I would also point out that the feminist movement has obliged society to look very closely at the way it has historically treated women. We might wish their campaigns had tended to increase chastity among men rather than to allow women the same laxity men have traditionally enjoyed, but there is now a societal shift towards equality and away from the kind of denigration of women that was very much the norm in my own youth. My children recently watched a documentary about TV in the 70s, and were shocked by the blatant racism and sexism that were normal fare for family viewing then. I’m glad that they are much more aware now that absolutely everyone has the right to be treated with dignity and respect.
It’s true that while divorce might be commonplace today, dysfunctional families have always been prevalent. I for one would not go back to the double standards of Victorian society (many of which persisted into the twentieth century), where, for example, immorality for men was fine as long as it was discreet, pubescent girls were deemed to have given consent for sex unless the man was of a lower social class, and women in violent or otherwise abusive marriages had no legal right to escape. Many of us have good reason to be very grateful that divorce is now available to women with no need to prove culpability. And when I grew up in the 50s and 60s, when divorce was rare, unheard of among my own contemporaries, many of us did not grow up in happy families. For some of us, the trauma was severe. I fantasised about being sent away to boarding school where I would be in a female environment, and my bed would be a safe place. Even where abuse is not part of a dysfunctional family, it’s hard to argue that children are better off in a difficult, chaotic, albeit intact family, than living with one parent in a peaceful home.
I note Kris’s observation that pornography objectifies women and can be a precursor to abusive behaviour. I have worked with victims of abuse for many years, and would agree that pornography is a problem in most marriages where the husband is guilty of unacceptable behaviour towards his wife. The fact that it is now so widespread and freely available via the Internet is a problem that, in my opinion, can’t be overstated. I wonder whether, at the same time that we are creating a society where women are treated with greater equality and respect, we are also creating a generation of men whose attitude towards sexual relations is coloured, if not formed, by their use of pornography.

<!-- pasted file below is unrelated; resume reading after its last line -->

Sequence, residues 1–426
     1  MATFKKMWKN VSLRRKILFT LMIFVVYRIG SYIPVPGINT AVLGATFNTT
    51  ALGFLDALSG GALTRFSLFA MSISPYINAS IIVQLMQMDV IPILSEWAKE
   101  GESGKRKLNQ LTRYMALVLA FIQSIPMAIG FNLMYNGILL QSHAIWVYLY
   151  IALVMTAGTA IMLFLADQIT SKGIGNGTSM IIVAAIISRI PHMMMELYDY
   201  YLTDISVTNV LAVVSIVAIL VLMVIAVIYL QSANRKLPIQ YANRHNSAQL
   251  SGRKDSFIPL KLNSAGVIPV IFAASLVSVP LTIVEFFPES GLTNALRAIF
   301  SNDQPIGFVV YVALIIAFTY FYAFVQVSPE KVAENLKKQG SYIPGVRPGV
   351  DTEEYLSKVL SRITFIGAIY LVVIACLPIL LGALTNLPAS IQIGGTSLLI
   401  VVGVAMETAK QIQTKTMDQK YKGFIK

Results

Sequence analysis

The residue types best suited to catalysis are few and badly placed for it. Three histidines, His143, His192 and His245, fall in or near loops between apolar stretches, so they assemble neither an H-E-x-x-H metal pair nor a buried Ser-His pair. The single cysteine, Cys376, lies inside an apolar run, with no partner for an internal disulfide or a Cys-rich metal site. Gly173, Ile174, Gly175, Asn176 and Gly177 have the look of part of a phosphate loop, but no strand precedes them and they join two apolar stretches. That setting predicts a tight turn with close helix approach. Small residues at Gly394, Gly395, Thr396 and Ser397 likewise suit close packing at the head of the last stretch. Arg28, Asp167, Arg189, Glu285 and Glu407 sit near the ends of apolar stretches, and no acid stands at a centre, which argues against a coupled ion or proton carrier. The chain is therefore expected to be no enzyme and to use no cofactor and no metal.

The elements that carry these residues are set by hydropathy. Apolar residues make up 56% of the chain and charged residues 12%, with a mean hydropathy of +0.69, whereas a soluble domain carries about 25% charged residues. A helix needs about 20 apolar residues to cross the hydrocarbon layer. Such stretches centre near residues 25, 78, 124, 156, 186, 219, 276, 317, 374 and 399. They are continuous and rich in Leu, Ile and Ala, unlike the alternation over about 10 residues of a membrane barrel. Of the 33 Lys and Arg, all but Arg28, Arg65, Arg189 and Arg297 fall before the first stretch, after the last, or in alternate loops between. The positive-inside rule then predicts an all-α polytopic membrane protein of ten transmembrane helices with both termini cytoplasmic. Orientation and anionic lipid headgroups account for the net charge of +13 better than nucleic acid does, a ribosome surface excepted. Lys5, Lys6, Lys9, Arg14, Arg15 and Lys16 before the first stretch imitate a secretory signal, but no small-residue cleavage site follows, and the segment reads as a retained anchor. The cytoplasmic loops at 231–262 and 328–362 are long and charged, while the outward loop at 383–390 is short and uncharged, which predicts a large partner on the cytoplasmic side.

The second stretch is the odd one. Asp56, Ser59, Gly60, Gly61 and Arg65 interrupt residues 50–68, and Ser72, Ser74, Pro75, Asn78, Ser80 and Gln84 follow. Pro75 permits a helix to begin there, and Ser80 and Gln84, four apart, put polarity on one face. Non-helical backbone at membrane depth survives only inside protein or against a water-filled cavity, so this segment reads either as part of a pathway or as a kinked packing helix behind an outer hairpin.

Finally, I would like to comment on your caller’s suggestion that prostitutes are not worthy of respect. I profoundly disagree. Many women, as Kris observed, have no other way of providing for their families. (Such women are widespread in the West as well as in Africa.) Others are initiated into the profession, sometimes at an early age, by a boyfriend, family member or other abuser. For some, the trauma of their childhood leads them to self-medicate, a habit they can only finance through prostitution. Whatever the reason for their choices, we have no need to judge them, only to love them. I cannot believe we are justified in taking the moral high ground. One of the most magnificent women I know, whom I’m proud to call my friend, was for a time a prostitute after an abusive childhood. I stand with Josephine Butler in the defence of such survivors. They too deserve a voice.